Major League Baseball got underway for 2017 on Sunday with a trio of games, but Monday is still technically known as “Opening Day,” as the other 24 teams all played their first game of the season. Well, except two that got rained out (Tigers and White Sox). 

With everyone else, let’s give a quick rundown of what we saw. As usual, let’s not go crazy in overreacting here. Madison Bumgarner hit two homers on Sunday while Kris Bryant looked absolutely lost at the plate. Outliers happen in single-game samples. Ervin Santana isn’t going to have a better year than Corey Kluber, for example, even if things looked otherwise on Monday. So keep in mind that we’ve seen each team (other than the two mentioned earlier) play 0.6 percent of the season. 

Let’s start with the day’s final scores:

Orioles get revenge

The Orioles season ended in 2016 on a Blue Jays walk-off home run in the AL Wild Card game. It was extra innings, too. On Opening Day, the Orioles pulled the ol’ switcharoo, with Mark Trumbo hitting a historic walk-off home run in the 11th inning. 

Now, obviously knocking a team out of the playoffs is a whole different animal from finishing on top in the first game of the season, but it’s a new day and that’s gotta be a nice feeling in that locker room to strike such a blow and start the season 1-0. 

Benintendi is supremely talented

The Red Sox beat the Pirates, 5-3, and Rookie of the Year favorite Andrew Benintendi flashed his unreal upside. He had only one hit in the game, but it was the biggest single moment of the game. He crushed a 98-mph fastball from Gerrit Cole over the right-field wall for a game-changing three-run home run. 

To turn around 98 almost up by the letters (chest high) shows what kind of ability he has with the bat. He’s slotted second in the order between Dustin Pedroia and Mookie Betts and is plenty capable of holding down that spot in a very talented lineup, even with David Ortiz now in retirement.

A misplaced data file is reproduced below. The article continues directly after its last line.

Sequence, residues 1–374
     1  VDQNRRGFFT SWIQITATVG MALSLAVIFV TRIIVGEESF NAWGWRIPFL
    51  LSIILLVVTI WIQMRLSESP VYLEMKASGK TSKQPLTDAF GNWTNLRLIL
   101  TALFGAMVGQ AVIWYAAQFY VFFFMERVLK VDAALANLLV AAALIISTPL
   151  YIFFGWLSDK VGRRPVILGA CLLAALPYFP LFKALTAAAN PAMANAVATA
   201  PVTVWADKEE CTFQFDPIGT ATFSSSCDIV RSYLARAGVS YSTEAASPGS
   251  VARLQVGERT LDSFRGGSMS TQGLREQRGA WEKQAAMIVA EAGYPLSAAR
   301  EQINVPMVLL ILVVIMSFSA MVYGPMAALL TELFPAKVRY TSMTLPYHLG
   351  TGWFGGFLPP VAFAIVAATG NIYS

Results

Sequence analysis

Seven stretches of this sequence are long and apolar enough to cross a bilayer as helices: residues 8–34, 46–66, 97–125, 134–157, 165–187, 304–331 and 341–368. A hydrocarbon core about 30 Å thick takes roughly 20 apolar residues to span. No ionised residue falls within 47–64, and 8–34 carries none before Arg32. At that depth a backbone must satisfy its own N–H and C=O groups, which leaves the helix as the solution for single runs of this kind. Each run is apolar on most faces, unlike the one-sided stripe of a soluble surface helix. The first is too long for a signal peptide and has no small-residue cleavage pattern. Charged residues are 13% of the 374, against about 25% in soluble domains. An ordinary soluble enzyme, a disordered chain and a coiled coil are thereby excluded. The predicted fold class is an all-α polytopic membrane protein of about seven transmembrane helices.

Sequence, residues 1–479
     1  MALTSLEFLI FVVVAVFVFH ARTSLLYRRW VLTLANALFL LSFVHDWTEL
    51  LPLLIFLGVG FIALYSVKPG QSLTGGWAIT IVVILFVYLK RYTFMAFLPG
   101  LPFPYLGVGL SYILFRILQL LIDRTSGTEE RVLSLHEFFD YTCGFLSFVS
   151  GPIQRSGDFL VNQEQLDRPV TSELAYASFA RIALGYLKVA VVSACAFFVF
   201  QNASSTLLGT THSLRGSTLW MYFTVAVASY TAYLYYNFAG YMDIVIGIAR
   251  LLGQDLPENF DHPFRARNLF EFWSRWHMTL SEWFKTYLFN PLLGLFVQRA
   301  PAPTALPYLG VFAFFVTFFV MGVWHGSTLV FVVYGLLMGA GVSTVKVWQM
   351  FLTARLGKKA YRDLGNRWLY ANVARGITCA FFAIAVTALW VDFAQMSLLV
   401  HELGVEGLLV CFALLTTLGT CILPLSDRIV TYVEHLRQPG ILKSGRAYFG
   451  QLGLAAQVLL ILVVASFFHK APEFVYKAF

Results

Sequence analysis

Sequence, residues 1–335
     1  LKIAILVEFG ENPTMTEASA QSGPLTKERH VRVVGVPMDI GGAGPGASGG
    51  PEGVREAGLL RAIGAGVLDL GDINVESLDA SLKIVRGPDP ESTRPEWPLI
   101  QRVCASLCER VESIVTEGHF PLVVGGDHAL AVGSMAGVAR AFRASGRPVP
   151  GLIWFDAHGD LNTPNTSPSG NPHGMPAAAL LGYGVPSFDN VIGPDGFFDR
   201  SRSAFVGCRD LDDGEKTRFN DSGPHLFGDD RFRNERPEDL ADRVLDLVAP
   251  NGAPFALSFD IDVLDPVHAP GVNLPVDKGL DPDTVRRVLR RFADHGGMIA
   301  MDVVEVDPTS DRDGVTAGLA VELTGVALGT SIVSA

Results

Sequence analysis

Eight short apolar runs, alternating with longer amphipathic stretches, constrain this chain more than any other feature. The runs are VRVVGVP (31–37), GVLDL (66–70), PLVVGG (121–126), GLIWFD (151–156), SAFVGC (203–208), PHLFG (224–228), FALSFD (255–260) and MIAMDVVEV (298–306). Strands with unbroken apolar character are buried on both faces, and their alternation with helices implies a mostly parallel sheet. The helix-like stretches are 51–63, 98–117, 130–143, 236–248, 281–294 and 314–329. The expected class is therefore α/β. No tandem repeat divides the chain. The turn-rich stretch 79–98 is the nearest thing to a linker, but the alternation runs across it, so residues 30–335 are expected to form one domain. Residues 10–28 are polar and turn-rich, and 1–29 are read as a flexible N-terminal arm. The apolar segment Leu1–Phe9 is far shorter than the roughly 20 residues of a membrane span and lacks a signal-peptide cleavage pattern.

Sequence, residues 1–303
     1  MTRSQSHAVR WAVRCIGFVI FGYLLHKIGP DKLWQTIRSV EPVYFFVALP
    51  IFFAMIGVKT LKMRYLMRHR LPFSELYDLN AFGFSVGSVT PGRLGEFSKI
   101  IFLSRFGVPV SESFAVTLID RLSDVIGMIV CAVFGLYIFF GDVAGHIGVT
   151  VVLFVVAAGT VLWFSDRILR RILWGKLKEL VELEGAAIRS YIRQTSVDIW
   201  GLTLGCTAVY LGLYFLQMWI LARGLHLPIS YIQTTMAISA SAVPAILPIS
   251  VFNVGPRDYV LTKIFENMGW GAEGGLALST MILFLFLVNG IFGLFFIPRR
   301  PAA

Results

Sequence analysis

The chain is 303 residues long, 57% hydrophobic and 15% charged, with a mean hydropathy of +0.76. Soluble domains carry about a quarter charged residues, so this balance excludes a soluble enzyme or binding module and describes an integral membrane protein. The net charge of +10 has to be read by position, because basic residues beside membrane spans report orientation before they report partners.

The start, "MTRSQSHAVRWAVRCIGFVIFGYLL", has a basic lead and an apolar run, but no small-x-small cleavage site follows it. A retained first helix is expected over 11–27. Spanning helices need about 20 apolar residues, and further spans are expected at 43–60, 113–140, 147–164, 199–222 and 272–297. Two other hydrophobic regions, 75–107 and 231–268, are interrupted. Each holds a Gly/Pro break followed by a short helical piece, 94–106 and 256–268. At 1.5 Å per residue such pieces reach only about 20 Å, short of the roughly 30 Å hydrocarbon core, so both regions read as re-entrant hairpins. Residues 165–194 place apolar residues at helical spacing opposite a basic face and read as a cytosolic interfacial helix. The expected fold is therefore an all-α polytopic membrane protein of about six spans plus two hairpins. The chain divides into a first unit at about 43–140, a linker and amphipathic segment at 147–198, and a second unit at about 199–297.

Uh oh, Pirates

Again, all small sample caveats apply, but Opening Day wasn’t good news for the Pirates and I’m not talking about taking a loss in Fenway Park. 

If there were two main reasons for the big step taken backward in 2016 by the Pirates those two reasons would have been Gerrit Cole and Andrew McCutchen. In order to get back into contention, the Pirates need Cole to pitch like an ace -- and probably a Cy Young contender -- while McCutchen bounces back. 

Cole looked good early, but was roughed up for a five-run inning and exits with a 9.00 ERA. He only struck out two in five innings. He needs to miss more bats with his kind of stuff. 

McCutchen went 0 for 4 with three strikeouts, too. 

Again, more than the loss itself, the look of Cole and McCutchen wasn’t very encouraging for Pittsburgh. 

On the other hand, Keuchel ...

The 2015 Cy Young winner, Astros ace Dallas Keuchel, had a down 2016. If the Astros are to win the AL West -- as many expect  them to -- Keuchel has to have a big bounce-back season. He got the ball against a talented Mariners offense on Monday and completely shut them down. In seven scoreless innings of work, he allowed only two hits and two walks. 

He’s also still awesome at defense: 

The Astros got a 3-0 win and that’s important, but it was more important to see the 2015 version of Keuchel and that’s pretty much what the Astros saw. That’s a wildly successful Opening Day. 

Noah Syndergaard is even better than last year